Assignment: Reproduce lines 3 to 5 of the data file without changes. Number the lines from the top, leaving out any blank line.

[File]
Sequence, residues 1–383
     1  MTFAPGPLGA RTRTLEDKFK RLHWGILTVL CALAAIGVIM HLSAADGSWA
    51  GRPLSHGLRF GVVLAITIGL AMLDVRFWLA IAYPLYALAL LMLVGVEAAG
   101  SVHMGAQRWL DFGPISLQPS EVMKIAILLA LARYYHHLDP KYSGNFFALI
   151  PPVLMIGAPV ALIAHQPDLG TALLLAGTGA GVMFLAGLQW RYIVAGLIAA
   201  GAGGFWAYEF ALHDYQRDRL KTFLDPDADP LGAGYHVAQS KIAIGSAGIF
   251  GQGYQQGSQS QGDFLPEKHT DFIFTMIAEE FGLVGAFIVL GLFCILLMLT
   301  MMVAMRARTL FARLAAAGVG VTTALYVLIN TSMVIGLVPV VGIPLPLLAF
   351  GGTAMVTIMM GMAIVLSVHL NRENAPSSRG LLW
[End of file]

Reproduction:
    51  GRPLSHGLRF GVVLAITIGL AMLDVRFWLA IAYPLYALAL LMLVGVEAAG
   101  SVHMGAQRWL DFGPISLQPS EVMKIAILLA LARYYHHLDP KYSGNFFALI
   151  PPVLMIGAPV ALIAHQPDLG TALLLAGTGA GVMFLAGLQW RYIVAGLIAA